Evaluation of the American Yam Bean (Pachyrhizus spp.) for Storage Root Yield Across Varying Eco-geographic Conditions in Uganda

  •  Charles Andiku    
  •  Phinehas Tukamuhabwa    
  •  James Mukasa Ssebuliba    
  •  Hebert Talwana    
  •  Silver Tumwegamire    
  •  Wolfgang J. Grüneberg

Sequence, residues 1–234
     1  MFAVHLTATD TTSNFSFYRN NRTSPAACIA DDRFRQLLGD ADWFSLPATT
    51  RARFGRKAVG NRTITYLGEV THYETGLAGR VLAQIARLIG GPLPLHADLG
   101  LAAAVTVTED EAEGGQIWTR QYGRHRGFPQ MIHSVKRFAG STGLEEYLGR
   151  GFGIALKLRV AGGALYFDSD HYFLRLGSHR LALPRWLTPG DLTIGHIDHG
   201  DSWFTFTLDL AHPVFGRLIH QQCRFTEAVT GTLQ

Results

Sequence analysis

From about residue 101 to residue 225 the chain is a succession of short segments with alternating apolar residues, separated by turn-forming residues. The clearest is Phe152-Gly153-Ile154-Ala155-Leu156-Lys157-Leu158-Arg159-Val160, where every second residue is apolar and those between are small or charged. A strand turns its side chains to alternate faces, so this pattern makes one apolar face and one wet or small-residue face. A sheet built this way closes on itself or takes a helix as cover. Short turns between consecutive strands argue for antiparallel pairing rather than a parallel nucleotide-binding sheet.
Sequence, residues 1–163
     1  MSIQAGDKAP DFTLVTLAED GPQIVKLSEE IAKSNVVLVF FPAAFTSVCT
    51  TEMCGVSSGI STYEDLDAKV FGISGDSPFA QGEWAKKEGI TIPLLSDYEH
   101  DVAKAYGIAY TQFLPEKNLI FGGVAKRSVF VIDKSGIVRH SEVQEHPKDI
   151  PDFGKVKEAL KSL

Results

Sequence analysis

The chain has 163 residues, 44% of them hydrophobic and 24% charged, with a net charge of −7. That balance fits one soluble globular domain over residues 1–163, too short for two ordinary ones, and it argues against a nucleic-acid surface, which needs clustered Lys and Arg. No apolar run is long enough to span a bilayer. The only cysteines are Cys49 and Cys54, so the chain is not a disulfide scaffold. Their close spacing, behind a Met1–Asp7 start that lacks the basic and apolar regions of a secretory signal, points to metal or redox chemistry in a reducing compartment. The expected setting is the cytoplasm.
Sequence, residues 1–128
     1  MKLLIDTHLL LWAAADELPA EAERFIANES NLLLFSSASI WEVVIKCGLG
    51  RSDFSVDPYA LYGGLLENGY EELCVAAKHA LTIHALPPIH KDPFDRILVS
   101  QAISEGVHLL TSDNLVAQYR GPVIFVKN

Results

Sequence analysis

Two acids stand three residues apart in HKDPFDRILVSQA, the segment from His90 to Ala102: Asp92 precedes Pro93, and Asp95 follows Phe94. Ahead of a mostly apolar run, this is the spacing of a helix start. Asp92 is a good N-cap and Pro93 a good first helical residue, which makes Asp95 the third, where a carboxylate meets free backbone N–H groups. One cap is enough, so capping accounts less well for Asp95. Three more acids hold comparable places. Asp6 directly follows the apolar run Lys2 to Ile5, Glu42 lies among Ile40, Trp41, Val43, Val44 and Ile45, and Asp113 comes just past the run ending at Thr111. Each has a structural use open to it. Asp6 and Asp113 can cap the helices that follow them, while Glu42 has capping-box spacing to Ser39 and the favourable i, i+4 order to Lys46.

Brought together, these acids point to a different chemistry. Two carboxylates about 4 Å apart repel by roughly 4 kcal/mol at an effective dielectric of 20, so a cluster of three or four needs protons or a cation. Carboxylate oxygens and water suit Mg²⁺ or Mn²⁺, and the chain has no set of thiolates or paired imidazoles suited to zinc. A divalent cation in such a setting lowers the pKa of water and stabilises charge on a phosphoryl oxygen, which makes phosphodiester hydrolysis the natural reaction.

The American yam bean (Pachyrhizus spp.) is a legume crop that is exclusively used for its storage roots. The seeds are inedible due to presence of toxic rotenone. It produces high storage root yields comparable of major root crops like cassava or sweetpotato. And flower pruning more than doubles its root yield performance. Using twenty five yam bean accessions, the current study aimed to determine root yield stability and adaptability, and presence of yam bean production mega environments in Uganda. Trials were planted at three stations, Namulonge, Serere, and Kachwekano during two consecutive seasons of 2011. Fresh storage root yields were significantly different (p < 0.05) across locations with the ideal location being Namulonge (fresh storage root yield of 10.1 t ha-1), followed by Serere (8.0 t ha-1), and Kachwekano (3.1 t ha-1). Results of AMMI analysis indicated the presence of genotype-by-environment interaction for fresh storage root yield. Through AMMI estimates and GGE visual assessment, genotype 209017 was the highest yielding with mean yield of 20.7 t ha-1. Genotype 209018 with mean yield of 15.5 t ha-1 was the most stable and adapted accession in the entire discriminating environment in Uganda. From the environmental focusing plot, the six environments were grouped into two putative mega environments for yam bean production.

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